New sari app tutorial saves the day
Standing in front of a mirror staring hopelessly at a stack of safety pins with six yards of fabric strewn around, modern Mumbai girls often wonder why they didn’t pay more attention to how mum did it. How she expertly wove, pleated and draped her sari, freestyle, no pins, so that it wouldn't unravel midway through the main course.
Bhavna Sharma is no different. Except that she has technology on her side.
So, enlisting the assistance of her husband, iOS developer and Apple fan-boy Siddhartha "Sid" Banerjee, Sharma spearheaded the creation of the world’s first ever sari app.
“Like every young Indian girl, I grew up watching my mum drape her sari so I learnt from observation," says Sharma, a 30-year-old creative and strategic planner at a Mumbai advertising agency. "I remember clapping out loud each time she successfully folded her pleats in the front. Mum would say draping a sari was an art, and one I should learn soon.”
She might have saved herself some embarrassment at her own wedding reception.
“That was my first encounter draping a sari unassisted. Once ready as per my standards, ensuring all loose ends were hidden away into the petticoat, I strutted rather confidently, but within minutes of making my public appearance, my sister and mum hurriedly whisked me away.
"Apparently the pleats were uneven at the bottom, my toes were visible and the pleating in front made me look a tad pregnant,” Sharma recalls.
Once married, it took the help of her husband to hold the pleats and a 45-minute preparation window, if draping a sari was involved.
A sari tutorial for all time
Sharma tried online video guides on how to tie a sari but found them unhelpful.
So she began to put together her own guidelines.
Even as the idea of creating a sari tutorial was gestating, the couple developed the Meter Down iPhone app, an instantly successful cab and auto fare-calculating mobile app which has been downloaded almost 14,000 times.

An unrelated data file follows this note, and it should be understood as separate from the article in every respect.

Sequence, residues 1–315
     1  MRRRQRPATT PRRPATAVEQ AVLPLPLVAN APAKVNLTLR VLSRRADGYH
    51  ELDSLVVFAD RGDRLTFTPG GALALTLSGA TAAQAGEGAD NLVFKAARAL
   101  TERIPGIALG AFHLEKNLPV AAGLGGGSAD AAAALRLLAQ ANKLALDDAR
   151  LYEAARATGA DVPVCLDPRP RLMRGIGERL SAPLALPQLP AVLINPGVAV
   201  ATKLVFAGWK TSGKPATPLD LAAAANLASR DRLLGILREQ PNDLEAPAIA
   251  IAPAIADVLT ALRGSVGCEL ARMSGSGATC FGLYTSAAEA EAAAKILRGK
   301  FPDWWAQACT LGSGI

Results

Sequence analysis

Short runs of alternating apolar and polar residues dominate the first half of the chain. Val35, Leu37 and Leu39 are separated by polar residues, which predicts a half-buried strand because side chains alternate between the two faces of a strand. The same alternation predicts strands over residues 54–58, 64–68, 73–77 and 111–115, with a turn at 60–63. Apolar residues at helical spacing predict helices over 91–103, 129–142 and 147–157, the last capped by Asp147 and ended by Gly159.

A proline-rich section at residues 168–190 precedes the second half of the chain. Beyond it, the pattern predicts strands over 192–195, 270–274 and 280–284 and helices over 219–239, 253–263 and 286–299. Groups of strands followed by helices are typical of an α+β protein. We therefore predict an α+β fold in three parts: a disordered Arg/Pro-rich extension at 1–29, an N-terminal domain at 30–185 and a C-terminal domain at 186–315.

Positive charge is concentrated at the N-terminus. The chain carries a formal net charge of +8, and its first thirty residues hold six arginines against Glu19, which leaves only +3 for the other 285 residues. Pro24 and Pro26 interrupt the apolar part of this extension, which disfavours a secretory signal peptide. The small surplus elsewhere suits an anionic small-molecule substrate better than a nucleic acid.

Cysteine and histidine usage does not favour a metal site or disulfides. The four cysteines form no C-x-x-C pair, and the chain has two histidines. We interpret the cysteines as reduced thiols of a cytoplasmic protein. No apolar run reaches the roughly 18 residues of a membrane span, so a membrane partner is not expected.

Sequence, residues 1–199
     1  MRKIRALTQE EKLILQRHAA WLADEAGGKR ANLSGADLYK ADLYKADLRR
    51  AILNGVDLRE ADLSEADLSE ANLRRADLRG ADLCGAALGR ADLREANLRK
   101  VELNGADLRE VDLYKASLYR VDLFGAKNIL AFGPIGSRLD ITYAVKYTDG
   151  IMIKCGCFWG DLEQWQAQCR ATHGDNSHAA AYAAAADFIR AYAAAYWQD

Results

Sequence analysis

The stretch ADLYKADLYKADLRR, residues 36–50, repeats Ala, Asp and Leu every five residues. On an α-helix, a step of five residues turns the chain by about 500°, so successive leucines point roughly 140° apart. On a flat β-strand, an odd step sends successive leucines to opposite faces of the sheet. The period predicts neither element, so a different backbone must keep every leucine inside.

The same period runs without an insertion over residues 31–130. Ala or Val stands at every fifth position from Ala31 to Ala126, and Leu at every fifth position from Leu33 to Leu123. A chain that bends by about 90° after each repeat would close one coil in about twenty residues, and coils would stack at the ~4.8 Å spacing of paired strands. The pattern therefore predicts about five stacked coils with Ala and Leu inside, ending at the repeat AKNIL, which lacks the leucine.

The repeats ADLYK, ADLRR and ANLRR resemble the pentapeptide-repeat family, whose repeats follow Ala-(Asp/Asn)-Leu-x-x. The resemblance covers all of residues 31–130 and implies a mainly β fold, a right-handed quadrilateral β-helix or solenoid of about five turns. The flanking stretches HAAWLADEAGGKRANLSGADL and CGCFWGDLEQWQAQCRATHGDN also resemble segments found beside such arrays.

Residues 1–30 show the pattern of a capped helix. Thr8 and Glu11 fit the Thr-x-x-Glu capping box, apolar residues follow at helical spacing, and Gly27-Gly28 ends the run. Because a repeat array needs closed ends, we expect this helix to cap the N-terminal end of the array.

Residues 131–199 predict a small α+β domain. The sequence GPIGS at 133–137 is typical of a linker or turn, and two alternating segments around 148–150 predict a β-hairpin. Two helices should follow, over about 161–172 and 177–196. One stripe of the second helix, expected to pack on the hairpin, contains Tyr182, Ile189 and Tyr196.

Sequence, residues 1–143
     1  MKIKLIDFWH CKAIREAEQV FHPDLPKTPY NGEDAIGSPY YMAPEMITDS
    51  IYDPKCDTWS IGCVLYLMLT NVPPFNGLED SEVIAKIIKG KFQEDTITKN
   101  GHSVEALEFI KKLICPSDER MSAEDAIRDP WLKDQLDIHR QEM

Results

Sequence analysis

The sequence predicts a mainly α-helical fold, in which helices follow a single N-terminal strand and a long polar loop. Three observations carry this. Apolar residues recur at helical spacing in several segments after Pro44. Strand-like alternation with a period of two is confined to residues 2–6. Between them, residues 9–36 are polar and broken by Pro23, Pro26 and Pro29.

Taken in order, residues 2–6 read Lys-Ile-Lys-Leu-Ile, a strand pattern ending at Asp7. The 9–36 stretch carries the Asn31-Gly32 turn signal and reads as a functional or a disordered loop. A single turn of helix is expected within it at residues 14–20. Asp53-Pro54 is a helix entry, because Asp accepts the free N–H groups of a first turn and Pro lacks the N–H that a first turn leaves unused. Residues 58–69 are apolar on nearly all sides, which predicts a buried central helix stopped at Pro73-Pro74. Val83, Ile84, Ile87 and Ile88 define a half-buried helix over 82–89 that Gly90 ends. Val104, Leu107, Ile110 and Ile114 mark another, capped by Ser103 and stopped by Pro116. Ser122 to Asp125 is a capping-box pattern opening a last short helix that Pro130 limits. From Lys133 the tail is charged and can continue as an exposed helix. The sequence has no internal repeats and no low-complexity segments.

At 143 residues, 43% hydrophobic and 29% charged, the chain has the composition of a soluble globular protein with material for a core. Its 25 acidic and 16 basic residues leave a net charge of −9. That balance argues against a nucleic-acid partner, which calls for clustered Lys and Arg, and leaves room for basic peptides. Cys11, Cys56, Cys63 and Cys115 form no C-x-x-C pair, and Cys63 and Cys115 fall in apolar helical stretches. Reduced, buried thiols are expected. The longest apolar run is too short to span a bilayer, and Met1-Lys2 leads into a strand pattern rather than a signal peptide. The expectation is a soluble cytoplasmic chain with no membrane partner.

It was just the prod Sharma needed.
“I was convinced that there’s definitely a market for a simple yet useful app like ‘How to drape a sari’ so I partnered with Sid to create a first-of-its-kind mobile app on step-by-step sari draping,” she says.
Now, while there are several regional and modern variations to draping a sari, their app sticks to the most popular style known as the ‘seedha pala’ or Nivi style.
“This is the more urban drape, widely accepted and worn. Other styles will be added gradually as upgrades,” says Sharma.
While Sharma took creative charge overseeing the text, script, directing the tutorial video and designing the user interface of the app, the tutorial sketches were done by fashion school NIFT alumni and faculty Devika Pathak.
That's a wrap
Four months of team-building, scripting, execution, design and coding resulted in ‘Sari’, an app which has just been reviewed and approved by Apple.
Besides technical testing, the tutorial has been guinea-pigged on friends in India and abroad.
“Friends here found helpful tips they hadn’t known before, such as that a well-draped sari must cover your toes and just graze the floor. While friends abroad found the FAQ section extremely practical and helpful," says Sharma.
However, unlike Meter Down, Sari isn’t a free app. The price is likely to vary from country to country ranging from US $1.99 in Asia, the Middle East and America, to GBP 1.19 in UK and Euro 1.59 in the E.U.
Though the Indian diaspora is the target audience for the Sari app, Sharma also knows that many of us right here in cosmopolitan Mumbai could secretly use some help at the touch of a button too.
Sari is an iOS app for iPod touch, iPhone3G, iPhone3GS and iPhone4, basically anything running on iOS 3.2 or later. Download the Sari app here.